In the laboratory, the specific polio virus is identified and its source determined. Without this high-quality surveillance it would be difficult to locate where and exactly how the poliovirus is circulating or to confirm when its transmission has been stopped.
Making Africa a polio-free region
Countries are certified to have eradicated polio only if no cases of the wild poliovirus are reported for three successive years. There must be documented evidence from high-quality surveillance which shows this.
Currently, four fifths of the world’s population live in regions certified to be polio-free. In 1994, the Americas were certified polio-free, followed by the Western Pacific region in 2000. Europe received its certification in June 2002 and the South-East Asian region in March 2014.
In 1996 African heads of state resolved to stamp polio out of Africa. Then South African President Nelson Mandela launched the three-year “Kick Polio out of Africa” campaign. But by 2000, wild poliovirus was still circulating in Egypt, Niger, and Nigeria. The situation worsened when the polio vaccination was stopped in northern Nigeria for religious reasons. As a result, polio transmission spread from the area to eight other African countries in 2003.
Poliovirus continued to circulate in Africa until last year. But the number of affected countries has steadily been decreasing. In 2004 there were 14 countries that had polio outbreaks. These included Benin, Botswana, Burkina Faso, Cameroon, Central African Republic, Chad, Côte d’Ivoire, Egypt, Ethiopia, Guinea, Mali, Niger, Nigeria, and Sudan. In 2011, this dropped to 12. Last year, there were only five African countries with polio outbreaks: Nigeria, Cameroon, Equatorial Guinea, Ethiopia, and Somalia.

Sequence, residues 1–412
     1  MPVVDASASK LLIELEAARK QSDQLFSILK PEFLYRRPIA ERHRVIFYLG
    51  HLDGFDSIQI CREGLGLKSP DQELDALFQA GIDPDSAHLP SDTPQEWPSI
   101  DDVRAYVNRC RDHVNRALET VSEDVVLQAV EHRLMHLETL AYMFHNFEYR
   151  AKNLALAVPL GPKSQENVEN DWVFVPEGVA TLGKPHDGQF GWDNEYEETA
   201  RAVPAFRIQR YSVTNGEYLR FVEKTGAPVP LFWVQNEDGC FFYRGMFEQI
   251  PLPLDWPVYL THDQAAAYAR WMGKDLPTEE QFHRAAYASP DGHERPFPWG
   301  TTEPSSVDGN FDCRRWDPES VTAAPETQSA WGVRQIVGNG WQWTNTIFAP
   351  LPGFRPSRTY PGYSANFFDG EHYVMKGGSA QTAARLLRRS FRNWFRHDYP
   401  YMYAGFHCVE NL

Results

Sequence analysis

In all these outbreaks, the common factor was the country’s failure to immunise. The reasons for this failure varied from one outbreak to another, but in each case there was a group of non-vaccinated people that enabled the poliovirus to seed itself and spread far and wide.
The size of the unimmunised population ranged from small isolated groups which refused vaccination for religious or cultural reasons to entire birth cohorts in areas like Somalia experiencing humanitarian emergencies.
The endgame around polio
As long as a single child remains infected, children in all countries are at risk of contracting polio.
While the humanitarian benefits of polio eradication in Africa will be immeasurable, efforts have been made to quantify the financial savings that can be anticipated.
The World Health Organisation estimates that once polio is eradicated and vaccination halted, global savings from vaccination, treatment costs, and rehabilitation will amount to nearly US$2 billion a year.
African countries should start careful polio legacy planning now to ensure that most of that money is redirected to other health programmes.
Charles Wiysonge does not work for, consult, own shares in or receive funding from any company or organization that would benefit from this article, and has disclosed no relevant affiliations beyond the academic appointment above.